On September 7, 2009, U.S. citizens who were detained when crossing from Mexico into Texas filed a lawsuit in the U.S. District Court for the Southern District of Texas against the Department of State (DOS) and the Department of Homeland Security (DHS) challenging the procedures used by the Customs and Border Protections (CBP). Plaintiffs, represented by attorneys from the Refugio del Rio Grande and Jones & Crane, claimed that the procedures violated their due process rights. Plaintiffs initially filed a petition for writ of habeas corpus and a class action complaint for declaratory and injunctive relief.
The original claims arose from the detention of the Castro family at the border. Laura and Nancy Castro were born in the United States. Their mother, a Mexican citizen, later took them to Mexico and registered them as born in Mexico so that the girls could attend school in Mexico. When the women attempted to cross the border 20 years later with a U.S. passport and U.S. birth certificate respectively, they were detained and interrogated. The case was filed while they were still being held at the port of entry.
In the course of several amended complaints, plaintiffs added six additional plaintiffs and multiple additional claims challenging the policies of both DOS and CBP. The Third Amended Complaint by ten individuals included habeas claims, requests for declaratory and injunctive relief, requests for declaration of citizenship, and claims of violations of the Federal Torts Claims Act. Plaintiffs also added a Bivens claim for monetary damages on behalf of the original plaintiffs. On April 26, 2011, the court (Judge Hilda G. Tagle) severed the FTCA and Bivens claims from the rest of the case. The court also severed plaintiffs' citizenship claims to be separate cases.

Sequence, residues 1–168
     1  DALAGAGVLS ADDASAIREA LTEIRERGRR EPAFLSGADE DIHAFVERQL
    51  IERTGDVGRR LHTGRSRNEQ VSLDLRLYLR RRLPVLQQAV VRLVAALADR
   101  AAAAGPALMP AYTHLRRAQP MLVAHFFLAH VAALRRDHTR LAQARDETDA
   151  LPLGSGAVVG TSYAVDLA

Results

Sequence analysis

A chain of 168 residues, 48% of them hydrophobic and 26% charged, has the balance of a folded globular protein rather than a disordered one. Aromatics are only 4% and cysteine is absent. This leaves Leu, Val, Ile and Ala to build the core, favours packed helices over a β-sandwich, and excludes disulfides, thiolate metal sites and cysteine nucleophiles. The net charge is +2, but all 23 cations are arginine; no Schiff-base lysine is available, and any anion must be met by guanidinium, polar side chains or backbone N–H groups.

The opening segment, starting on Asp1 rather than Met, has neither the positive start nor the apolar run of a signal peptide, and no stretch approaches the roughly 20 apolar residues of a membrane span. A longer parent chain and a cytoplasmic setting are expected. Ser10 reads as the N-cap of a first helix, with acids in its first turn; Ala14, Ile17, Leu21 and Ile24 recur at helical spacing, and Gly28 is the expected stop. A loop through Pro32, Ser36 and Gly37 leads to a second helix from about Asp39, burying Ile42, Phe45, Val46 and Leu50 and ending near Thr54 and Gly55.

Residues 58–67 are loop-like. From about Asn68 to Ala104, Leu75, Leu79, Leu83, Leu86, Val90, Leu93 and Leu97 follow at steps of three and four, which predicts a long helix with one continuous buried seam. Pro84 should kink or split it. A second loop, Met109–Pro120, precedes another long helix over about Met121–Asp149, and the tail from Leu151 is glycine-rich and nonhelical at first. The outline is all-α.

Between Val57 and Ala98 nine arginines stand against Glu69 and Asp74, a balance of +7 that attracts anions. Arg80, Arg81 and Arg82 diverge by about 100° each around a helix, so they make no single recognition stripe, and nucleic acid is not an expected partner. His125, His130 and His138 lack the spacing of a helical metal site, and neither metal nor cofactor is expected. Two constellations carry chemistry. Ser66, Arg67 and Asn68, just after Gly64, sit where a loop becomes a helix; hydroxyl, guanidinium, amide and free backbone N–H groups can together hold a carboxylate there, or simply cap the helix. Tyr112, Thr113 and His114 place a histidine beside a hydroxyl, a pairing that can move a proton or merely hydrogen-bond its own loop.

In the April 26 order, the court ruled on several other motions. It dismissed plaintiffs' claims for unreasonable delay in adjudication. It also dismissed plaintiffs' claims for relief under 8 USC 1503 where plaintiffs had already received their passports. The court also denied plaintiffs' motion for class certification as moot, but allowed leave to refile.
On June 11, 2011 plaintiffs filed their fourth amended complaint. The claims were: (1) violations of the Fifth and Fourteenth Amendments and the APA in conjunction with jurisdiction under the Mandamus Act for improperly applying the preponderance of the evidence standard in adjudicating passport applications; (2) violations of the Fifth and Fourteenth Amendments in failing to provide due process in adjudicating passport applications, revoking passports based on non-nationality, hearings for passports denied or revoked; (3) violations of the Equal Protection Clause for denying and revoking passports based on non-nationality; and (4) violations of the Fifth and Fourteenth Amendments and the U.N. Convention Against Torture and the Federal Detainee Act of 2005 due to mistreatment of persons at the border claiming to be U.S. citizens as well as (5) their parents.
On June 27, 2011, plaintiffs re-filed their motion to certify a class requesting that the court certify two classes.
On November 22, 2011, the court ruled on defendants' motion to dismiss. Most claims were dismissed. The only claims that remained were claims 1 pursuant to the Fifth Amendment, Fourteenth Amendment, and Mandamus Act and claim 4 under the Fifth and Fourteenth Amendment. The court, therefore, denied the motion for class certification as moot.
On December 7, 2012, the court ruled on defendants' motions to dismiss the remaining claims. The court granted in part, and denied in part, allowing the claims to go forward with respect to certain named plaintiffs.
On March 13, 2013, the plaintiffs filed another motion for class certification.
On September 30, 2013, plaintiffs filed their fifth and currently last amended complaint. At this point, the case has come to center on the standard of proof applied by DOS in adjudicating U.S. citizenship claims and the agency's failure to afford U.S. citizenship claimants any meaningful opportunity to challenge its decisions to deny a U.S. passport application or revoke an existing passport. Specifically, plaintiffs allege that DOS made arbitrary requests for documents and asked for irrelevant personal information when deciding whether to issue passports. Plaintiffs argue that DOS practices violate their due process rights. They continue to request class certification and declaratory and injunctive relief.
On October 31, 2013, defendants filed a motion to dismiss the claims in plaintiffs' amended complaint. As of November 18, 2013, that motion is still pending before the court.Jennifer Bronson - 11/18/2013